creamware

(redirected from Prattware)

creamware

(ˈkriːmˌwɛə)
n
(Ceramics) a type of earthenware with a deep cream body developed about 1720 and widely produced. See also Queensware

creamware

High-quality earthenware perfected by Josiah Wedgwood in eighteenth-century Staffordshire, England.
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References in periodicals archive ?
Stand-alone auctions of Prattware pot lids began in 1924 and by the mid 1960s, the hobby reached its height with the formation of the Pot Lid Circle collectors' club.
David Jones will also be showing off his extensive collection of fine quality sponge ware, some early Prattware, plus a range of miniature pottery that includes some rare children's plates and mugs dating back to the 18th century.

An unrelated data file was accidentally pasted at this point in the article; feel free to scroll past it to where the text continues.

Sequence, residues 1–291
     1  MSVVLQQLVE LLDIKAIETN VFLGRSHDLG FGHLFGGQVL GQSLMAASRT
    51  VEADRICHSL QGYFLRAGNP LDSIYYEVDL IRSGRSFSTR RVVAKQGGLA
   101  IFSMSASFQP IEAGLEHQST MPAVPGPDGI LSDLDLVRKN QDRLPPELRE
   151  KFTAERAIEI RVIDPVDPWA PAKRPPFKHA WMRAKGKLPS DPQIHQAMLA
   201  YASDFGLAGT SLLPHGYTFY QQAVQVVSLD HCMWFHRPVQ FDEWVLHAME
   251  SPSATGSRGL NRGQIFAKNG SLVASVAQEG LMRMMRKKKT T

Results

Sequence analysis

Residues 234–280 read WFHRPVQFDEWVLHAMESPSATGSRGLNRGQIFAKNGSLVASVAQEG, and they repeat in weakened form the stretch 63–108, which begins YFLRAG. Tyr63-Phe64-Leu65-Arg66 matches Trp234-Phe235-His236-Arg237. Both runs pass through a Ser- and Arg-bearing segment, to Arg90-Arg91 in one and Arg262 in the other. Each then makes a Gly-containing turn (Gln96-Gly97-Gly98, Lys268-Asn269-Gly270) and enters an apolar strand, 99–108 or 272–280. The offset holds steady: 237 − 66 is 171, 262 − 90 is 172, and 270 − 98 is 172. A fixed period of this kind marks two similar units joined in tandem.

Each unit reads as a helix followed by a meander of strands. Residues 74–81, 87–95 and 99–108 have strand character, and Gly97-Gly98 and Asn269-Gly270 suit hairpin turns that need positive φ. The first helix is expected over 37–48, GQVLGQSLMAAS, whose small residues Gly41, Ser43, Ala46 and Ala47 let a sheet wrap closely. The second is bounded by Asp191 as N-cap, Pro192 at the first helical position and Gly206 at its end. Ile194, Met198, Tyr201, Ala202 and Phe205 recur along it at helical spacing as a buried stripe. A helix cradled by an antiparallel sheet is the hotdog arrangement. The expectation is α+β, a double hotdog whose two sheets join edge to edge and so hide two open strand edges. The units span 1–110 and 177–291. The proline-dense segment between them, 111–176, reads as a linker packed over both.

It includes one of the largest collections of Staffordshire Prattware pottery currently on the market, c.
TOBY jugs fall into three groups: Jugs with drab Whieldon-type coloured glazes in a limited palette, which are the most sought-after; jugs with underglaze decoration in the Prattware colours of creamware and pearlware; and jugs with enamels applied over a clear glaze (including jugs by Ralph and Enoch Wood).
As you wander through its corridors and public rooms you will find lovely collections of drinking glasses - mostly 18th century - along with a good selection of Prattware moulded jugs which hold their price today.
On show will be a wide range of china and porcelain including Royal Worcester, Royal Doulton, Beswick, Prattware, Spode, Poole, Mason's and Wedgwood.
Relief-moulded jugs, Staffordshire figures, Prattware and Doulton's stonewares were in abundant supply and used for innocent amusement.